Monaco-based Wally won Europe’s oldest and most influential industrial design award, the Compasso d’Oro, in 2004 and 2008, the only yachting brand to achieve that double whammy.
In 2019, Ferretti Group acquired Wally, and there were worried whispers that the brand would lose its distinct innovative edge. Lucas silenced the doubters, and said: “We will always keep our soul as a company that always brings something new and functional to the market. We never consider the adventure, the design experience, as being over.”
The 48-foot Wallytender was the first collaborative project with new owners Ferretti Group. Debuting in February this year, she took the idea of a support vessel to a new level and incorporated classic Wally features, such as lightweight carbon construction and those space generating fold-down bulwarks.
The latest Wallytender to join the stable is the 43wallytender. A fresh original, the carbon-fibre build introduces the centre cockpit design, one that offers all the protection of a cockpit, with the practicality and access of a walkaround.
Wally Managing Director, Stefano de Vivo, said: “Thanks to Wally’s iconic design heritage and innovation developed over more than 25 years, with the 43wallytender our team introduced a fresh new take on the middle part of the boat and its use, creating the new ‘center cockpit’ concept. At the same time, we evolved our offering to satisfy the yacht owners of today and tomorrow by elevating the day-boat yachting standards. Upholding Wally’s customary cool aesthetics and extraordinary performance, this addition to the Wally family is surely a benchmark of the future.”
Suited to the role of family day boat, superyacht tender, resort shuttle, or sailing yacht support vessel, the 43wallytender has capacity to carry 12 passengers, plenty of storage for water toys, joystick controls and reaches top speeds of 40-plus knots. Inside, there are generous bathroom facilities with standing headroom and a separate shower compartment, plus a cabin with a bed.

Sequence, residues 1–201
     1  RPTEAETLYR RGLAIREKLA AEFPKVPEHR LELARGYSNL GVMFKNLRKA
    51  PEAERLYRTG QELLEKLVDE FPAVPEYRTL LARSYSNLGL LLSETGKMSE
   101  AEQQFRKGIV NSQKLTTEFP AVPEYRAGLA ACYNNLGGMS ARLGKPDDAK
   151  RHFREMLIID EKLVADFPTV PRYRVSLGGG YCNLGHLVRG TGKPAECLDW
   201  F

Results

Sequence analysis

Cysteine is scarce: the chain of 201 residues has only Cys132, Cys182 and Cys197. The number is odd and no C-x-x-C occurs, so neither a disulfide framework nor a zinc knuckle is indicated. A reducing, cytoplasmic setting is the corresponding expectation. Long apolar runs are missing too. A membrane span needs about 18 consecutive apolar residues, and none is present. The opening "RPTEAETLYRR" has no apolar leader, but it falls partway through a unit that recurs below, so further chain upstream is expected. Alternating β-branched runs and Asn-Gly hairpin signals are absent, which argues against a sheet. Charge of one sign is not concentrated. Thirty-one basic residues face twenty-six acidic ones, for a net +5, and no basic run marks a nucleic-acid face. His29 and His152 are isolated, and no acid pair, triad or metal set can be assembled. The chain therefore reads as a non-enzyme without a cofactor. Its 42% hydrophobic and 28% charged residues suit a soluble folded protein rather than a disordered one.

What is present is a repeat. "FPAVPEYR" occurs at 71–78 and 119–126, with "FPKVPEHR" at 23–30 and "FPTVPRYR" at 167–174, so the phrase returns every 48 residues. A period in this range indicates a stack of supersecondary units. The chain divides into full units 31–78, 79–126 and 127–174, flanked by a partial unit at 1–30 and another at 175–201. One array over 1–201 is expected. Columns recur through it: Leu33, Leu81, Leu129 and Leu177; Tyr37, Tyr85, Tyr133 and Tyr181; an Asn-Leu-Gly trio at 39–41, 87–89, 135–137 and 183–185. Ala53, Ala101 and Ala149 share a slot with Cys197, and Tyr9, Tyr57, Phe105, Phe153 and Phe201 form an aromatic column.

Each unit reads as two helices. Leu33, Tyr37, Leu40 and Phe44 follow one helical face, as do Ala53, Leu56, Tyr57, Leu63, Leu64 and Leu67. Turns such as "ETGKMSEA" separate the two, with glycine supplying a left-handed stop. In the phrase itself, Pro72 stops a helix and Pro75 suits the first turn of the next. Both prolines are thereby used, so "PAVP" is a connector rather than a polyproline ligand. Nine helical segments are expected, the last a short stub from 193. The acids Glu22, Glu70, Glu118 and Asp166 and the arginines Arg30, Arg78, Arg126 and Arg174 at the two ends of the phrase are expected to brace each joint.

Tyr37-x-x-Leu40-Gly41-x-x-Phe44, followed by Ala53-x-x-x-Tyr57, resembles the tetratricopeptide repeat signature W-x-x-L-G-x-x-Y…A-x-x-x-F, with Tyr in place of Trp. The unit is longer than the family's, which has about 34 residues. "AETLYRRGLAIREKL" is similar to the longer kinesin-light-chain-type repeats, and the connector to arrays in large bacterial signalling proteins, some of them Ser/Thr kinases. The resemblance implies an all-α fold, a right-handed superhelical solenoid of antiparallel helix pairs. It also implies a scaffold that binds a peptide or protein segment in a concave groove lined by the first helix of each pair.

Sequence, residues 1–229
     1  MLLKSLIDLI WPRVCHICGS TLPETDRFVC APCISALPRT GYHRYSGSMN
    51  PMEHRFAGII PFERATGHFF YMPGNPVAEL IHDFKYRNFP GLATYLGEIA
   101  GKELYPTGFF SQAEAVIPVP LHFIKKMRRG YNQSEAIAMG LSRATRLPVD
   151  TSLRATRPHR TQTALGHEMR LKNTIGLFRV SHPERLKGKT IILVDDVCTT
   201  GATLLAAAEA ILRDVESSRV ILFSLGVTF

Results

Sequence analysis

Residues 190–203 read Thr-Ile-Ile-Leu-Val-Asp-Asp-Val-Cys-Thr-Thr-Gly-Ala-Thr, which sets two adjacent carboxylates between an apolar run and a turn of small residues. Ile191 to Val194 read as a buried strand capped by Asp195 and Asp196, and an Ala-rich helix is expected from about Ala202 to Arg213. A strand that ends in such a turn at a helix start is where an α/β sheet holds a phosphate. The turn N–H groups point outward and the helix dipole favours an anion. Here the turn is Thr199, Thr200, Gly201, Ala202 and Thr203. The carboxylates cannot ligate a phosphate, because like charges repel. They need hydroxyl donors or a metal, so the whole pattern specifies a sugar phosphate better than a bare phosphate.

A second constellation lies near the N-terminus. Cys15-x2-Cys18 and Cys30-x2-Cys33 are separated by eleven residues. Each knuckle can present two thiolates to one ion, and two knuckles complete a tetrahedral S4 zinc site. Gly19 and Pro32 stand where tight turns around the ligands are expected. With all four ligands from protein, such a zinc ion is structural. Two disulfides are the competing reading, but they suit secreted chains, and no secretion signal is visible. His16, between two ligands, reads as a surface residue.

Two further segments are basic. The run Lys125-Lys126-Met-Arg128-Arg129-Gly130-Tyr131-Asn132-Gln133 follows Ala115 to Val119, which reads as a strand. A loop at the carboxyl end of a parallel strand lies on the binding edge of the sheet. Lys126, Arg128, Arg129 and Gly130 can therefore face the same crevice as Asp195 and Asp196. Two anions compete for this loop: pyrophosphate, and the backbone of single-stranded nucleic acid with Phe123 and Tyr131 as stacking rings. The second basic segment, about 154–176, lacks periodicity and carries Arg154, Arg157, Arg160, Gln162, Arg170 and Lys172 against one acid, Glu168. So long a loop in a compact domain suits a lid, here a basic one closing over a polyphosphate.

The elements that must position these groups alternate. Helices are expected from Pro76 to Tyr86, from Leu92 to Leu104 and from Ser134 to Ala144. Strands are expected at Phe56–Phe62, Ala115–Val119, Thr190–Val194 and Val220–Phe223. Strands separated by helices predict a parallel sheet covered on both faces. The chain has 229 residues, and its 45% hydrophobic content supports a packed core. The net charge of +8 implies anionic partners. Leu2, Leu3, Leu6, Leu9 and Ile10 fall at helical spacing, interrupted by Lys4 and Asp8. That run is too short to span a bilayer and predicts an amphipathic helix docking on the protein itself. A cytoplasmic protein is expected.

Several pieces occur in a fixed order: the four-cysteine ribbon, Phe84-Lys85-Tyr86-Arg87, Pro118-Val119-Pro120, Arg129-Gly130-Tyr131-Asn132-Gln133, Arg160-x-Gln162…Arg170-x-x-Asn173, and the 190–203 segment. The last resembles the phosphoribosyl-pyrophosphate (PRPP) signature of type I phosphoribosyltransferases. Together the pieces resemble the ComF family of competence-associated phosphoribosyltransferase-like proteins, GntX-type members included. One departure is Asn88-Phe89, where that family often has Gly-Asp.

And, in a neat nod to Wally’s heritage, she has a laminated sail mounted across the superstructure of the t-top - light enough to be supported by a single pillar, and semi-transparent to allow light to shine through. A range of deck configurations are there for the taking, as is the pick of head-turning hull colours. Hull number one was in striking iridescent Wallygator green, with 2021 marking the 30th anniversary of her launch.
Founder Lucas is pretty happy with his latest baby: “Our team has worked tirelessly to create a tender that perfectly meets the multifunctional needs of today’s owners while also staying true to our Wally design philosophy. You will not find a single item onboard that does not serve a purpose in its purest, simplest and most beautiful form. I am very proud of what we have achieved with the 43wallytender, which surely deserves its place cruising alongside our wider family of Wally yachts and tenders.”